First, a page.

By Luke Cipolla and Dave Maiorana

On March 7, 2024, the PTAB denied institution in 10x Genomics, Inc. v. President and Fellows of Harvard College, IPR2023-01299, Paper 15 (PTAB Mar. 7, 2024) (“Decision”). The PTAB denied institution on two separate grounds: (1) the Petitioner, 10x Genomics, did not properly assert a Section 112(f) construction in the alternative in its Petition under 37 C.F.R. § 42.104(b)(3); and (2) the circumstances of a parallel U.S. District Court of Delaware proceeding called for a discretionary denial under 35 U.S.C. § 314(a) under Apple Inc. v. Fintiv, Inc., IPR2020-00019, Paper 11 (PTAB Mar. 20, 2020) (precedential) (“Fintiv”).

The docket for the parallel proceeding can be found at 10X Genomics, Inc. et al v. Vizgen, Inc., Docket No. 1:22-cv-00595 (D. Del. May 3, 2022). The counterclaim for infringement relevant to the patent in the Petition was filed August 30, 2022. Decision at 2.

The patent at issue, 11,098,303 B2 (“the ’303 patent”), is directed to a method for determining nucleic acids by exposing a sample to a plurality of nucleic acid probes. Decision at 3. Independent claim 1 of the ’303 patent recites “an error detection or correction system.” Decision at 5. In the parallel proceeding, the Petitioner argued that this phrase is governed by 35 U.S.C. § 112(f) and asserted a corresponding construction. Decision at 9. Vizigen, a co-plaintiff in the parallel proceeding, argued that “an error detection or correction system” is not governed by Section 112(f) and, therefore, “[no] construction [is] necessary.” Id. The district court held that “an error detection or correction system” is governed by Section 112(f) and adopted Petitioner’s construction with a slight modification. Decision at 10.

Before the Board, the Petitioner took the opposite position and asserted “solely for the purposes of this IPR, 10x applies [Vizigen’s] interpretation of the ’303 patent claims from the concurrent litigation.” Decision at 12-13. The Petitioner did not explain in the Petition why Section 112(f) did not apply, nor did it provide a Section 112(f) construction in the alternative. The Patent Owner argued that Petitioner’s claim construction arguments were insufficient under 37 C.F.R. § 42.104(b)(3). Decision at 8.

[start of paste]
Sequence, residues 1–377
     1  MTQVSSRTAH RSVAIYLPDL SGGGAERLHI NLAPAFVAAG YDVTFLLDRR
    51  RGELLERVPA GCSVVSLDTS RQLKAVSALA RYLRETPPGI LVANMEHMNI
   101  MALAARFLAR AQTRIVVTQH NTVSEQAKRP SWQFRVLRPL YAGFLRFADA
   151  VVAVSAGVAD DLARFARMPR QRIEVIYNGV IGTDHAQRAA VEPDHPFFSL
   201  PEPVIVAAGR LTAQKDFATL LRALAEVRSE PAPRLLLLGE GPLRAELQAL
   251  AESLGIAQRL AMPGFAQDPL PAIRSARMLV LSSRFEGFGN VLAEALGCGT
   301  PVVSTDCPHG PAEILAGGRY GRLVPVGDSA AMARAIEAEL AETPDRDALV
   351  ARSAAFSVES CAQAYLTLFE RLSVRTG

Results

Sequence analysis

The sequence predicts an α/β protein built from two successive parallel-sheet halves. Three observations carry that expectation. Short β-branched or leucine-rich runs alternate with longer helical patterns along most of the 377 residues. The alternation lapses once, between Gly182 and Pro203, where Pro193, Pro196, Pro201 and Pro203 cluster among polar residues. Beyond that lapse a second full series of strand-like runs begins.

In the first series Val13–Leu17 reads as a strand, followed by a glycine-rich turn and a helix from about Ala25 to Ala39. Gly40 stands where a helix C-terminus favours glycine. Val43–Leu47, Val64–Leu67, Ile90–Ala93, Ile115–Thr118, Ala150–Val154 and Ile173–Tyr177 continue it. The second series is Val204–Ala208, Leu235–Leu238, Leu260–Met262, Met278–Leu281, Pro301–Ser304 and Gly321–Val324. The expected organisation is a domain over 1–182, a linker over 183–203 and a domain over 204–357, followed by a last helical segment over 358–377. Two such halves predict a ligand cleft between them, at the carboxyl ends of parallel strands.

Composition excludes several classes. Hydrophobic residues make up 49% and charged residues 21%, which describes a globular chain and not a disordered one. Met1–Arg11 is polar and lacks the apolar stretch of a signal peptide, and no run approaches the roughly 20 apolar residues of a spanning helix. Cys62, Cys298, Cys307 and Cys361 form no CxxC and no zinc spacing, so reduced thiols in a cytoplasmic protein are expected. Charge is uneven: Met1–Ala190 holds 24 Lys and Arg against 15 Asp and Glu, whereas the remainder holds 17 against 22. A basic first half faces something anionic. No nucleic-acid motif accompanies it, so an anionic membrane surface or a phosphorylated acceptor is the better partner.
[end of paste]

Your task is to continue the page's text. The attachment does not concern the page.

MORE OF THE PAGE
Rule 104(b)(3) requires that a petition must identify in the specification the structure associated with each function in Section 112(f) means-plus-function claims. 37 C.F.R. § 42.104(b)(3). The Consolidated Trial Practice Guide instructs that under 104(b)(3) “[w]here claim language may be construed according to 35 U.S.C. § 112(f), a petitioner must provide a construction” and “[a] petitioner who chooses not to address construction under Section 112(f) risks failing to satisfy the requirement of 37 C.F.R. § 42.104(b)(3).” Decision at 8.

The PTAB denied institution and held that the Petitioner “failed to satisfy its burden to set forth ‘[h]ow the challenged claim is to be construed’” under 37 C.F.R. § 42.104(b)(3). Decision at 13. The PTAB explained that Petitioner “should have provided reasons why the limitation is not governed by Section 112(f) or provided an express construction of the claim phrase.” Id. And because the Petitioner instead adopted Vizigen’s argument that “no construction [is] necessary”—”while knowing the construction was under dispute under Section 112(f)”—the Petition was not sufficient and the PTAB denied institution. Id.

Separately, the PTAB discretionally denied institution under Section 314(a) and the six Fintiv factors for determining whether a petition should be discretionally denied based on parallel proceedings. Decision at 14.

The PTAB explained all six factors favored denial because: (1) The district court is unlikely to grant a stay and has denied a motion for a stay; (2) Trial will occur at the very least one month and most likely five months before a written decision is due; (3) Both parties and the court have dedicated substantial resources to the proceeding; (4) The Petitioner asserted the same prior art and invalidity arguments in both proceedings; (5) The Petitioner is the counterclaim defendant; and (6) The Petitioner is unlikely to prevail on the merits because the Petitioner failed to offer a construction under Section 112(f). See Decision at 16-21.

The PTAB also noted that the Petitioner failed to file a Sotera stipulation and waited to file its Petition until a year after it was served and nine months after receiving initial infringement contentions—both of which weighed in favor of denial. Decision at 18, 20.


Petitioners should ensure to include alternative arguments regarding claim construction—especially terms that could be governed by Section 112(f). This decision also serves as a reminder that petitioners should move quickly relative to parallel district court proceeding timelines when deciding to file an IPR.

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Dave Maiorana is a trial lawyer with a notable combination of significant experience as a United States Patent and Trademark Office (USPTO) Examiner and more than 25 years litigating complex intellectual property matters. He has represented clients as both plaintiffs and defendants around the country and in the International Trade Commission (ITC). Dave has experience in diverse technology areas, including e-cigarettes, teeth whitening, diapers, fem care, antibodies, self-inflating tires, oxygen concentrators, flash memory, and digital cameras.